Crate Training = Freedom
Sherry Antonishen, Head Trainer, CPDT-KA
Some people think that crates are confining and unnecessarily restrictive to a dog. I believe that nothing could be farther from the truth.
First of all, a crate-trained dog can go almost anywhere – they can safely (and comfortably) hang out in a hotel room while you’re out having dinner, they can travel on an air plane, and they are a lot more comfortable at the vet’s office.
In addition, crate training a dog helps you to train other things, and ultimately allows for more freedom for your dog. Here’s why…
Dogs do what is reinforcing. In other words, they are curious creatures in constant search of treasures. In an untrained dog or a puppy this ‘treasure hunting’ is often annoying, possibly dangerous, and at the very least is teaching him that roaming free and not listening will lead to an excellent cache. (If your dog thinks stealing shoes or socks is fun – he is a treasure hunter!)
Imagine the dog that is not crate trained and instead left to roam a room where the owner is working at a computer. Sure there are 15 toys for him to play with, but he will gravitate to all new things, especially those they should not have: electrical cords, pens, and remote controls are just a few excellent items waiting to be discovered. Even a well puppy-proofed room can hide an awesome reward in the worst possible place (think your new pair of prescription eye glasses on a side table). In addition, every time you have to get up and take something away from your dog, you are adding value to his game because you are giving him attention and possibly initiating a game of chase!
Now imagine a world where your dog or puppy loved his crate. I am not talking about tolerating the crate.. I am talking LOVE the crate. This is a trained behaviour that you can do! In that world, you would have the keys to a very powerful tool. When your puppy is out of the crate, you can be actively training by rewarding behaviour you want and re-directing unwanted behaviour quickly before it becomes a habit. Play is done with you, not alone by grabbing your shoes, and all reinforcement comes from you, not from the environment. Can you feel your dog’s love to work for you growing? Because it will.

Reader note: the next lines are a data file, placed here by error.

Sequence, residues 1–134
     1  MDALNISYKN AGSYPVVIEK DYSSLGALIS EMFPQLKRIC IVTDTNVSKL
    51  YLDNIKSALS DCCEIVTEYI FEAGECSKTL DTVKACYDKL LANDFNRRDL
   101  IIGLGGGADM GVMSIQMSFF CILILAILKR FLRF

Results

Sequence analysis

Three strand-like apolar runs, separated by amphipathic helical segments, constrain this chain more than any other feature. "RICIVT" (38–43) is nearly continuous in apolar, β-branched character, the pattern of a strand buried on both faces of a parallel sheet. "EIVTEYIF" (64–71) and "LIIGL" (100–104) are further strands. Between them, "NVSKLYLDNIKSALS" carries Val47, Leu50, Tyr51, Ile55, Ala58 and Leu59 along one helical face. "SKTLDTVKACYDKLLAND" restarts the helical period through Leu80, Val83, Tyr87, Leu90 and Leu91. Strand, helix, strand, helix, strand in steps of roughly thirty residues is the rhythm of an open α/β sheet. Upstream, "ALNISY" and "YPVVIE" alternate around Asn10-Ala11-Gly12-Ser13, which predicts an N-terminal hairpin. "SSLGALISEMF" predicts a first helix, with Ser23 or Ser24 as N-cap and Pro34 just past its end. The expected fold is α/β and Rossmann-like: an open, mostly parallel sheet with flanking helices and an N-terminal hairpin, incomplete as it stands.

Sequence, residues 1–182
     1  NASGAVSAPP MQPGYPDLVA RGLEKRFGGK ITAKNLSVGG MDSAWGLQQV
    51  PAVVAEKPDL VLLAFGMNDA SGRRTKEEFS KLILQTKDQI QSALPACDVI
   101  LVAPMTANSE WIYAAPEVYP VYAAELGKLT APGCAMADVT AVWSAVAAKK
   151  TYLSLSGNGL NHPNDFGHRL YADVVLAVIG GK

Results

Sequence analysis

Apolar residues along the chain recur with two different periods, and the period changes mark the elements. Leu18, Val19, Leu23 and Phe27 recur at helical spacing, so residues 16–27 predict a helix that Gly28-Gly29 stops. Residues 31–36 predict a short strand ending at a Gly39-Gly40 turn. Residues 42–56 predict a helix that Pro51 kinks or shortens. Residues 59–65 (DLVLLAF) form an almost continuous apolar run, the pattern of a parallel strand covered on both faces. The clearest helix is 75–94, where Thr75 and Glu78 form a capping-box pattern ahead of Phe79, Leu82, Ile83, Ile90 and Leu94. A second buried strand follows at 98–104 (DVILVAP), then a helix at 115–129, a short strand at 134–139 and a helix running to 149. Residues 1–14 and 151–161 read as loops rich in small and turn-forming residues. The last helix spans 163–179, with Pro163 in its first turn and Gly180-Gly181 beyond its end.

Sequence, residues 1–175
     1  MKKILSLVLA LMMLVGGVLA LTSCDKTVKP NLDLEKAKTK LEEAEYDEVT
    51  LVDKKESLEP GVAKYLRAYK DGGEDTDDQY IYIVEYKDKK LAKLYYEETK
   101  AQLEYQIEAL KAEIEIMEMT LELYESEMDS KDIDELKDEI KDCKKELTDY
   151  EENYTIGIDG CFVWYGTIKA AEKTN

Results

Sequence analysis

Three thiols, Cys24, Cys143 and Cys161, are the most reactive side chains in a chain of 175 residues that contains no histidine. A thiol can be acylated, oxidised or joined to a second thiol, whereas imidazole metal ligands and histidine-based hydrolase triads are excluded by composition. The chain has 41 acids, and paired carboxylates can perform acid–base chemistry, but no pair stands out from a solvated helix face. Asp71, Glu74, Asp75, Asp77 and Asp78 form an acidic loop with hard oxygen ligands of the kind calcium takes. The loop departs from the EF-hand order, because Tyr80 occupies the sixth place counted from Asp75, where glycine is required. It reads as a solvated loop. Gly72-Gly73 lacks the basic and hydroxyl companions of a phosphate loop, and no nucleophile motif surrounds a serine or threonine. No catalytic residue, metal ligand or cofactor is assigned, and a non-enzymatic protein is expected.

You lay out the treasure map! Sitting politely, settling on a mat, relieving himself outside all lead to awesome reinforcement. And it all comes from you. In this case your dogs motivation to work for you is through the roof! And chewing on the remote control is not even a consideration.
But you cannot do that all day long. After a good walk, a crate is a safe place to go, as long as you have properly trained them to love their crate! Puppies can spend several happy hours a day in their crate if they are getting adequate exercise and training time!
When you can’t be actively involved in shaping your puppy or dog’s behaviour he would be resting in a crate, working on a food puzzle in a crate, or if you are a good multi-tasker, you could be reinforcing your dog for choosing to go lie in the crate with the door open. I was able to crate train my dog to choose a crate over all other settling places.
Putting your dog or puppy outside is really not the answer to a dog that is not crate trained. In this case you have a dog that is learning to have fun outside without you! And when they are in the house you spend a lot of time taking things away and managing the things he is getting into. In other words you are a fun-wrecker. Then you put him outside and he can literally do what ever he wants. This is not how you want to lead your puppy into the world, and generally dogs managed in this way end up spending less and less time in the house with their family where they would love to be.
A properly crate trained dog puts you in charge of everything your dog wants and makes training easy. Going back to where we started, a well trained dog is welcome almost anywhere and ironically needs to be crated very little. And if they are crate trained, they are also more comfortable in a vet hospital stay, and are allowed to fly, stay in hotels, and attend certain events such as agility classes and longer workshops where crate training is a requirement.